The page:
N.G. Shelat, J.
1. The facts giving rise to this application, broadly stated, are that the opponent No. 1 Bai Khembai had filed an application for claiming maintenance allowance against her husband the applicant, under Section 488 of the Criminal Procedure Code, in the Court of the Chief City Magistrate, Ahmedabad inter alia alleging that her husband has contracted remarriage with one Bai Gita and has consequently deserted her. He has not been maintaining her and that therefore, she be awarded Rs. 500/- per month by way of maintenance allowance from her husband.
2. Her husband, the applicant before this Court, resisted the same inter alia contending that he has neither deserted nor driven out from his house as alleged. She had gone away of her own accord to her parents' place and that, therefore, a divorce deed dated 31-7-65 was executed between them. She was therefore, no longer his wife and thus was not entitled to claim any maintenance allowance from him.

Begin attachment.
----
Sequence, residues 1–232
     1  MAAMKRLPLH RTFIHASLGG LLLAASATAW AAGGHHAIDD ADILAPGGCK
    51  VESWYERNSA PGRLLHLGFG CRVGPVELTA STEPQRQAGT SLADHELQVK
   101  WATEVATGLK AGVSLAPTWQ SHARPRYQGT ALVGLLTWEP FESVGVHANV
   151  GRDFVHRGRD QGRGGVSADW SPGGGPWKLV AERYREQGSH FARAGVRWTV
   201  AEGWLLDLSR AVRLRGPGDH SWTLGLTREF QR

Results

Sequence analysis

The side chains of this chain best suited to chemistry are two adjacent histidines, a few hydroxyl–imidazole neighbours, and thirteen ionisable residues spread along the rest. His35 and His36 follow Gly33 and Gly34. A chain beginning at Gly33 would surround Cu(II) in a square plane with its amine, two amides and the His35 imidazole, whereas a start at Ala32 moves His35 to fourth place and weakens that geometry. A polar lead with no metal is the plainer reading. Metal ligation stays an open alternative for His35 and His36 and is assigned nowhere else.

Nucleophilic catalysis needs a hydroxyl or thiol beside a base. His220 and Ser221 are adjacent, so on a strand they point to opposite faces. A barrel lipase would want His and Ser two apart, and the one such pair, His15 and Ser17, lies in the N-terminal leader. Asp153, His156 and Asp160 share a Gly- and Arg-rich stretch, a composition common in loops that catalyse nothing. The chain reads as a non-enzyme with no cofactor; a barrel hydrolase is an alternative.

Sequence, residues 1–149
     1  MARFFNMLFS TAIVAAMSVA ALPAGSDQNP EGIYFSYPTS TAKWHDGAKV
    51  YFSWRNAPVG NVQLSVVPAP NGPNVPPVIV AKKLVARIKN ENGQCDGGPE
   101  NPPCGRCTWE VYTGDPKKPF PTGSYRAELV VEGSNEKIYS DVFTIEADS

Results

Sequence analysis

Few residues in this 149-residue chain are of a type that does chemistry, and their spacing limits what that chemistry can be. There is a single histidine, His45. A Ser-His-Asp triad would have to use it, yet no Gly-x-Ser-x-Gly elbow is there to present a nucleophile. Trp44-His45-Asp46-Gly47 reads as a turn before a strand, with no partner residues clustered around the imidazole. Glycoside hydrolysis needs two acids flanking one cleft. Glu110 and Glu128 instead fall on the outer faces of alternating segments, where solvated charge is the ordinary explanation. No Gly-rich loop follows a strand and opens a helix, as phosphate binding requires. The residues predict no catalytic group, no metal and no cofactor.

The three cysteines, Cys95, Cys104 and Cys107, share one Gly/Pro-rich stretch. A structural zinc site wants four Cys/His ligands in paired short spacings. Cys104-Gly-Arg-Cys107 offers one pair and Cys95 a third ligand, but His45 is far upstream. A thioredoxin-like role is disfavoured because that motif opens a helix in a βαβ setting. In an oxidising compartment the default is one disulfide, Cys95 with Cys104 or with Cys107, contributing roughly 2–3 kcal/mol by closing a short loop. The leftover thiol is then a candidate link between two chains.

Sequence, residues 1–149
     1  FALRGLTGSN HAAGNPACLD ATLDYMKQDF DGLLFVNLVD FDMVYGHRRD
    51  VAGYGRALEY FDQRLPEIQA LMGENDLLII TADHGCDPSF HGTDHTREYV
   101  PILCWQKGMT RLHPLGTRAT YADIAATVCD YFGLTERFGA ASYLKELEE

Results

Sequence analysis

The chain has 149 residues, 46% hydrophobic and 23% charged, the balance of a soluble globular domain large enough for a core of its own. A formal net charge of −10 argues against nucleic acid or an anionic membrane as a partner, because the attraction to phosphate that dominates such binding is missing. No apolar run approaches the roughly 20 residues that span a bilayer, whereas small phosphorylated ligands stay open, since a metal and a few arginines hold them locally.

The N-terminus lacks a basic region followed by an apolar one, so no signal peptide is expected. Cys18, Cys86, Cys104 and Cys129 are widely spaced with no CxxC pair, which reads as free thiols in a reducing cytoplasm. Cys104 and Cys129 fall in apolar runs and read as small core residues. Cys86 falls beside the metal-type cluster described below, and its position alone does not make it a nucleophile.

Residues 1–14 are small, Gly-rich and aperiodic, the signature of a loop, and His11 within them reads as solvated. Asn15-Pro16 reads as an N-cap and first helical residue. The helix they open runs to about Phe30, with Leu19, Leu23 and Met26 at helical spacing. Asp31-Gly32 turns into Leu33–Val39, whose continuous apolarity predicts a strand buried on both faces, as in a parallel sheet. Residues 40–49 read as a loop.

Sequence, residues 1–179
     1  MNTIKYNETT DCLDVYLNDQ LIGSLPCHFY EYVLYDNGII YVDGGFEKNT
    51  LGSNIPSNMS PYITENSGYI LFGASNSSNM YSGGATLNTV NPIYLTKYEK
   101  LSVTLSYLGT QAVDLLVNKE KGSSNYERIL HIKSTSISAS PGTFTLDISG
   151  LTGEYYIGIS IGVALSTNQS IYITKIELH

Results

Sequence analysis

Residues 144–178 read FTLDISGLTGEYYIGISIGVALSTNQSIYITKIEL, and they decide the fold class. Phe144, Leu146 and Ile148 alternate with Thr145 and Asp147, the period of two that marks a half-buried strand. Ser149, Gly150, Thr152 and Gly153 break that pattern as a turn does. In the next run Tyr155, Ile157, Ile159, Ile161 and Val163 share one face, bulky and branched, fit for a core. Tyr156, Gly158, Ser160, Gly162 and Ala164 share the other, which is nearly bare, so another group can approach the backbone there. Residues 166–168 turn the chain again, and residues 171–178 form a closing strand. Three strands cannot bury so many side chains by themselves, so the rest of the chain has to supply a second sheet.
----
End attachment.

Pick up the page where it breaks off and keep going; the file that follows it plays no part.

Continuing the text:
3. When the matter came up for bearing before the learned Magistrate on 15-10-67 the parties presented a joint statement Exh. 3 in the case. As stated therein, through the intervention of some good persons the matter was settled, and that it was agreed that 'the husband opponent should pay Rs. 125/- per month by way of her maintenance allowance with effect from 1-7-1967 and that an order on that basis may be passed against him under Section 488 of the Criminal Procedure Code, 'That statement was signed both by the parties, as also by their advocates appearing in the matter. The learned Magistrate recorded the same, and directed opponent-husband Ambalal to pay Rs. 125/- per month as maintenance to the applicant-wife Bai Khembai from 1-7-67 on or before 10th of every month. He further directed that the arrears of maintenance from 1-7-67 till 30-9-1967 and the maintenance for the current month of October 1967 shall be paid on or before 10-11-1967. Feeling dissatisfied with that order passed on 18-10-1967 by Mr. D.C. Mehta, Chief City Magistrate, Ahmedabad, the opponent-husband has come in revision before this Court.